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Five Positive Actions You Should Do After a Lay-off Lay-offs are hard for most people and are essentially difficult to cope with if you were and excellent worker and outstanding employee. Sometimes lay-offs are general cuts such as the closing of a whole department. It often times hits good employees that the company otherwise would have never gotten fired. So what do you need to do after you get laid off? Here are five positive steps you should take after you have been laid-off. The first and probably most important step is coping with the situation. Get your feelings straightened out. Of course you are upset and plain dumbstruck by what happened, but if you are not able to get this sorted out with yourself, the company is not going to take you back. Then you won?t even have a chance of finding another job. In some cases, if it was not very clear why you have been fired, it helps to talk to coworkers, and maybe the human resource person to just find out that it was not you or any of your doings that got you laid-off. Within this step falls also the realization that the job market currently is a tough one and that you might have to make some budget adjustments first off all. Do not be picky about what kind of jobs you want to choose. Sometimes, this means a new beginning, some job you might like much better than your old one, and you just do not know it yet. After you have been able to work through the situation and are ready for the job hunt, get your résumé out. If you have not been looking for a job in a while it might be dusty and not be up to date. Add your last job to the list; add your role and responsibilities to your list and maybe you even have to adapt your résumé to a more current style. Résumés and cover letters are your way into a job and the first impression that a new employer gets from you. When you are finished getting your résumé up to date, apply to as many jobs as there are. As a third step, make yourself clear that the job market is difficult and finding a new job might mean to apply for something that you might have not really wanted to do, maybe because you did study it, but you never really liked in the university classes? Well, it is worth applying for. The sooner you get another job, the better of you are. Face it, if you really do not like the work you can find another job after a year or two. After a lay-off it is very important to get back into the working world as fast as you can. To make your job search even more successful, as a fourth positive step after a lay-off, you also need to network. Talk to friends, other companies? bosses you know, and anybody you have ever met that might have a job available for you. Besides networking, you can also always try to do some cold calling, writing letters to businesses that are not having a newspaper add out. There is always the possibility that they are looking for somebody. As a fifth positive action after you are laid-off there is always college. Taking classes that will refresh your topic and specialty you are working in can make a good bullet on your résumé. If the job market is quite tough, why not go back and finish that degree or add another maybe a graduate degree. This always is better on your résumé than plain being out of work.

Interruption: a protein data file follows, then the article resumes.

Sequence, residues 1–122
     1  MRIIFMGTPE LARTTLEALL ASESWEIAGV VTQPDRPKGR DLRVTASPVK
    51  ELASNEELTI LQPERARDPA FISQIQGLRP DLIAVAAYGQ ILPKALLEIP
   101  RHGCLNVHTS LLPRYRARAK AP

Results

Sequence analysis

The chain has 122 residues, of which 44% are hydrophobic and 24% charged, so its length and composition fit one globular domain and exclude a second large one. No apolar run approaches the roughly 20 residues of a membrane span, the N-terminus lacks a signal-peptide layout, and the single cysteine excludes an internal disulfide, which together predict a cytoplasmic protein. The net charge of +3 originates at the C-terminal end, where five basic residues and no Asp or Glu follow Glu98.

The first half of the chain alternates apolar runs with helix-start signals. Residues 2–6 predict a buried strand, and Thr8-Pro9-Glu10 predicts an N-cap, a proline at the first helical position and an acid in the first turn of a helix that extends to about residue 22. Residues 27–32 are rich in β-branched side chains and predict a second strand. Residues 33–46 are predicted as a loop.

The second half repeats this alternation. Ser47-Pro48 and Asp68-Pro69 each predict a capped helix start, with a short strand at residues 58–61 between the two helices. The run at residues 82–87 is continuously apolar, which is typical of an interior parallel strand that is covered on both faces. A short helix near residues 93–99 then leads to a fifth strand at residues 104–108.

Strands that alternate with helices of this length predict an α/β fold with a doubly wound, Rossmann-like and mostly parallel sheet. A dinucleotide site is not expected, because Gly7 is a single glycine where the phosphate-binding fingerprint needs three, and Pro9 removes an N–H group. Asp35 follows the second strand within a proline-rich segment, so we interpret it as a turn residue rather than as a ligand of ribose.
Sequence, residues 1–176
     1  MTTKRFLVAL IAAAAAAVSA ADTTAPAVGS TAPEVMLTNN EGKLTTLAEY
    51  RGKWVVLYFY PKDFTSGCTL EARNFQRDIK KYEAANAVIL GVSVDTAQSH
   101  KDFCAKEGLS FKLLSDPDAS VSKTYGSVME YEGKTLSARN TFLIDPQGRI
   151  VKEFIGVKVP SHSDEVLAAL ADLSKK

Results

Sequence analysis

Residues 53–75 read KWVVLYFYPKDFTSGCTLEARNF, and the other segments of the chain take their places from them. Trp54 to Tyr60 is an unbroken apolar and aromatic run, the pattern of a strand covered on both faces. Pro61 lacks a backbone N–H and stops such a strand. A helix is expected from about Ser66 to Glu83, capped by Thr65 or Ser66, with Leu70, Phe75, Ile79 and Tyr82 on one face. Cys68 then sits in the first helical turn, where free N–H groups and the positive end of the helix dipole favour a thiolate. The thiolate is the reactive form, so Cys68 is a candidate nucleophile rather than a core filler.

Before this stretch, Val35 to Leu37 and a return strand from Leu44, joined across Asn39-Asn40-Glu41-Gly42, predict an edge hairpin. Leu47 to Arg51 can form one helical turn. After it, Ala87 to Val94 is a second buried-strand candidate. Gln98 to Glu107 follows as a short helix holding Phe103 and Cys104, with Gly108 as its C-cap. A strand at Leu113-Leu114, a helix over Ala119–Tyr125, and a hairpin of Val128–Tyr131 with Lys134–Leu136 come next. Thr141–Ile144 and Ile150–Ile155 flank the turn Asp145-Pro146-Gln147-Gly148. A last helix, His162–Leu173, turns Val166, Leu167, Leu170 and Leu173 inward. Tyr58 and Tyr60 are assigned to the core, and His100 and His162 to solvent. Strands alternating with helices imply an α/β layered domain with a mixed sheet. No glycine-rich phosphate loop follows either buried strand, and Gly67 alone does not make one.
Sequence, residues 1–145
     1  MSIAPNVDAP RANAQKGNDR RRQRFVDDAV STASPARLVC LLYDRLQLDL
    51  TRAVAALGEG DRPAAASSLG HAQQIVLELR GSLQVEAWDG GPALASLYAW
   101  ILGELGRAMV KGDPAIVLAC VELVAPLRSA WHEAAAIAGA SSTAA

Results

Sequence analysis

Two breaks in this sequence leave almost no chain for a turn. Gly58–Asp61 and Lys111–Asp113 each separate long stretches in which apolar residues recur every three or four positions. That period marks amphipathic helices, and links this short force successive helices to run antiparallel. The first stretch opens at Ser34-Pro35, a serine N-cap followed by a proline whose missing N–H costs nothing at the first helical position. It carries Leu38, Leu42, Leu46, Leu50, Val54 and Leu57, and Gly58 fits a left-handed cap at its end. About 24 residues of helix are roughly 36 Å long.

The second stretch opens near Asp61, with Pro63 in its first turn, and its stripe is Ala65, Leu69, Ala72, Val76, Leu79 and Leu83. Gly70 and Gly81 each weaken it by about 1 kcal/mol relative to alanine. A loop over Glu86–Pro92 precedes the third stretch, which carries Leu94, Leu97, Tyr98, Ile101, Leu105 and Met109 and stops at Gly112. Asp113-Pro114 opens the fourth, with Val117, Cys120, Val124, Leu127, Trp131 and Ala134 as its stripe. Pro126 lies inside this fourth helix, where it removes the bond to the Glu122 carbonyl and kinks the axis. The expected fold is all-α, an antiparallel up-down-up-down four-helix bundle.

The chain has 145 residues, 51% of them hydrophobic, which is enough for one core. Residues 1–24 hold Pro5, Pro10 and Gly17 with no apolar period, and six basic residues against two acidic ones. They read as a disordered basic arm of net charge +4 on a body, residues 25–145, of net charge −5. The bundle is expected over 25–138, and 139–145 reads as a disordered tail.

Networking Ideas to Land a Job You Want Finding a new job is always a chore, especially if you are looking for your ideal job. While all jobs have pros and cons, finding employment that you enjoy or feel strongly about can greatly improve your job satisfaction. There are many ways to network and find the job you want. One of the biggest ways to make connections is to volunteer or find an internship. If you have not been able to land a permanent position in the career of your choice, apply for internships or offer your services for free. This is an ideal way to get your foot in the door and since the employer will already be familiar with you, it increases your chances of being hired when an opening arises. Meet people in the field you want to be in. If there are conferences or organizations that members who work in your desired field join, see about getting a membership or attending. Networking within your field of choice can build connections that blossom in the future. Take a lesser position at the company you want to work at. If you want to be a manager but are offered a customer service position, take the customer service position. Management roles are less stressful when you know what the company expects from you. Watch and learn the ins and outs of being a manager at that particular company. After you have some experience under your belt, apply for the next opening. Ask around. Most job openings are not posted anywhere. Finding openings is typically more about inquiring than finding posting. If you are eager to be a part of a company, e-mail your resume to the Human Resources department and see what type of hits you get. Stop by local companies and inquire in person and leave a copy of your resume if there are openings. Most employers are using the Internet to find new employees. Even if the position they are hiring for is not posted online, searching through posted portfolios is commonplace. The best way to get noticed is to have a concise portfolio that goes into detail about past work experience and your future career goals. Before you make it to an interview, the employer should already have a good idea about whom you are. Having a web presence is essential to job-hunting these days. Many employers are using e-mail and electronic submissions to screen employees. With that in mind, you need to be Internet savvy. Brush up on Internet skills, learning the tricks and trades of using the web as a way to seek out the best jobs. Purchase a domain and post your portfolio there. Be sure to show versatility, accomplishment and organization in your portfolio. Also if you choose to use social or networking sites represent yourself in a positive light. Be sure to keep your portfolio updated even when you are not actively looking for work. An interested employer could choose to contact you based on your updated portfolio. Be open to relocating. Search through Internet job postings for other states. Leaving your hometown might be difficult but the job of your dreams may be out there somewhere. Pack up and move to a more economically viable area and mingle with the populous. Make your employment intentions known without seeming desperate for a job. No matter what type of job you have been dreaming of, there are numerous ways to get that position. The key to pinning down, and getting the job you desire is to never give up. If you have been on the job hunt for two years without any success, do not give up.